NORFOLK, Va. (May 14, 2011) A Norfolk federal jury has convicted Larry L. Deffenbaugh, 59, of conspiracy and communicating a false distress signal to the Coast Guard. Neil H. MacBride, United States Attorney for the Eastern District of Virginia made the announcement Thursday.
Deffenbaugh was previously indicted on the federal charges, April 8, 2011 and is scheduled to be sentenced, Sept. 19, 2011.
According to trial documents and testimony, Deffenbaugh, also known as "Mike Meyers," was boating on the Chesapeake Bay, May 10, 2009 with his brother when he led his brother to believe that he had fallen from the boat and into the bay, thereby causing his brother to contact Coast Guard authorities seeking help. As a result of the allegedly false distress call, the Coast Guard deployed resources in an effort to save Deffenbaugh's life, even though he was not in any peril. Despite an extensive search, the Coast Guard search team could find no trace of Deffenbaugh.
"Making false distress calls is by no means a victimless crime," said Capt. Ed Gibbons, chief of staff for Coast Guard 5th District. "It risks the lives of responders, costs tax payers hundreds of thousands of dollars, and pulls resources from legitimate enforcement and response activities. This conviction helps stress how seriously this offense is taken."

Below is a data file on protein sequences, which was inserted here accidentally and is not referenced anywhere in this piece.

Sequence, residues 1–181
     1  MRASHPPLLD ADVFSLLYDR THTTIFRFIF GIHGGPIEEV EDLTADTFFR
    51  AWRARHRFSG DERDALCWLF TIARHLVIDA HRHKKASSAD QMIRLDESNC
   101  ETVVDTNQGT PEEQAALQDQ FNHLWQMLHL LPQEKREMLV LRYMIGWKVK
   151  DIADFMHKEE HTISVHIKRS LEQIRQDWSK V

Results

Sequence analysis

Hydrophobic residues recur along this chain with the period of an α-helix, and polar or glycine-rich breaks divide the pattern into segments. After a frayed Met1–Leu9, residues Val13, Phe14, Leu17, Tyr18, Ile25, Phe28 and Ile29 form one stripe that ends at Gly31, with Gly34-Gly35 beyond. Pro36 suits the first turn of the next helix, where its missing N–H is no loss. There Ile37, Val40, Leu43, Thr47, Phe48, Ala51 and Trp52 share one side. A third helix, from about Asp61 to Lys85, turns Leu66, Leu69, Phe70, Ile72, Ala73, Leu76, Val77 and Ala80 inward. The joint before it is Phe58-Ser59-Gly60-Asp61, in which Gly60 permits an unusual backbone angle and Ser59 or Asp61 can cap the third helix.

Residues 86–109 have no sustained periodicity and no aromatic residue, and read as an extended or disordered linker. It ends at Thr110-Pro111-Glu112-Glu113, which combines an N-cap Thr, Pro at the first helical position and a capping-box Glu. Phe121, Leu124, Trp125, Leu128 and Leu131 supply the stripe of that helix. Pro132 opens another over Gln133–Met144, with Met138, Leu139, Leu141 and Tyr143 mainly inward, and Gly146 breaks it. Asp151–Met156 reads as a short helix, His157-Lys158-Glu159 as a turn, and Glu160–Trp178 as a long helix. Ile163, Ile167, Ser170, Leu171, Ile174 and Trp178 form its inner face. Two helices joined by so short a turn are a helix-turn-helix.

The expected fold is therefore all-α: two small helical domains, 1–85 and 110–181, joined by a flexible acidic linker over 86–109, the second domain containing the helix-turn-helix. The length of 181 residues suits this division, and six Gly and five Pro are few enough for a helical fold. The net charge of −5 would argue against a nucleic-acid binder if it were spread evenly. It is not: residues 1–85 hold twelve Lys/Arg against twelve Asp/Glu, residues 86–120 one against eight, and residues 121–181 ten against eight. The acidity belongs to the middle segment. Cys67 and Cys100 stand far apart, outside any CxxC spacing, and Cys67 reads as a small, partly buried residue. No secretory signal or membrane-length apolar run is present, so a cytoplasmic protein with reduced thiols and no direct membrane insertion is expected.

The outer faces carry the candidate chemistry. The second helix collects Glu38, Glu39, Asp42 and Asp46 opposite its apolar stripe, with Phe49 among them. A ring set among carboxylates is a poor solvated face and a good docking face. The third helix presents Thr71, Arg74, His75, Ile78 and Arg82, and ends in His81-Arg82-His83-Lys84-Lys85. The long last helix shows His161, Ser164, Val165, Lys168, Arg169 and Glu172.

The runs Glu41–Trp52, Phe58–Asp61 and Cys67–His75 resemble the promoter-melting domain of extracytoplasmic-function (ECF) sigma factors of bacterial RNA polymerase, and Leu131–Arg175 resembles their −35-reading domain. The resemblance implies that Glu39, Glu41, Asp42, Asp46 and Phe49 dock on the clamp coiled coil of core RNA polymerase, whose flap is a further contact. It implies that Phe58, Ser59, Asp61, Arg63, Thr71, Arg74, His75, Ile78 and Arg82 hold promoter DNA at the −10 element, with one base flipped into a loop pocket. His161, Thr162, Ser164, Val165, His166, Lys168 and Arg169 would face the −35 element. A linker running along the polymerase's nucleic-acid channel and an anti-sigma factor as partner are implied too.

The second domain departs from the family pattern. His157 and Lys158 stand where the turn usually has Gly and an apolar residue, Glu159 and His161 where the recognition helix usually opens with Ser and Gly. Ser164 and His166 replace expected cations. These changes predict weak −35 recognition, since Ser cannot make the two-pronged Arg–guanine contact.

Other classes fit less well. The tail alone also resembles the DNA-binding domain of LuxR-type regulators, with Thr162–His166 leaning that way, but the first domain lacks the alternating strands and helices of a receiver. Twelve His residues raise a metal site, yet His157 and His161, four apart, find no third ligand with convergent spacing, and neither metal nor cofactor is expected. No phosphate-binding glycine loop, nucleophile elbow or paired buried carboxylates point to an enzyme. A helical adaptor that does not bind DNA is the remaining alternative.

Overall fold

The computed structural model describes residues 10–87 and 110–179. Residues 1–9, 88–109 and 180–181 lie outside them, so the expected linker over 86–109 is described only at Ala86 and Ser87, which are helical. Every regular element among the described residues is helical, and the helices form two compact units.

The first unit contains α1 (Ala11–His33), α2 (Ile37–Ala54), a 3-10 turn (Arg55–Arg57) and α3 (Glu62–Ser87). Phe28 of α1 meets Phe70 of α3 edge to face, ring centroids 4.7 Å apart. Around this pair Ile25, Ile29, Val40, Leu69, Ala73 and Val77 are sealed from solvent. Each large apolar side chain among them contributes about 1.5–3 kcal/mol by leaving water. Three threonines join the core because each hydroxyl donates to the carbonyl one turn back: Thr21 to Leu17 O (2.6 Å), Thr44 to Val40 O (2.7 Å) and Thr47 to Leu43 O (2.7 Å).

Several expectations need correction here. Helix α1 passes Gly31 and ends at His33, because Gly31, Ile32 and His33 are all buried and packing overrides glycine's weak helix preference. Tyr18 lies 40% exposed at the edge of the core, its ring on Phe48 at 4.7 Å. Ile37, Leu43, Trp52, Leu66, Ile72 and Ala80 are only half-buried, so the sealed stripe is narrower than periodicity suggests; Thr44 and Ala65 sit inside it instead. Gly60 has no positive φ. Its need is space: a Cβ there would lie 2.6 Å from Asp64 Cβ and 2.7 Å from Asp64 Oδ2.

Deffenbaugh was scheduled to appear in Calvert County, Md. on a probation violation, May 12, 2009. Deffenbaugh failed to appear. In February 2010, Deffenbaugh's story was broadcast on the television program, "America's Most Wanted." Based upon a viewer's tip, Deffenbaugh was located in Baytown, Texas, living under the assumed name, "Mike Meyers."
The case was investigated by the U.S. Department of Homeland Security, Coast Guard Investigative Service, Chesapeake Region. Assistant United States Attorney Joseph L. Kosky prosecuted the case for the United States.
Read more about the case on America's Most Wanted's Web site at http://somd.me/lqSUOT .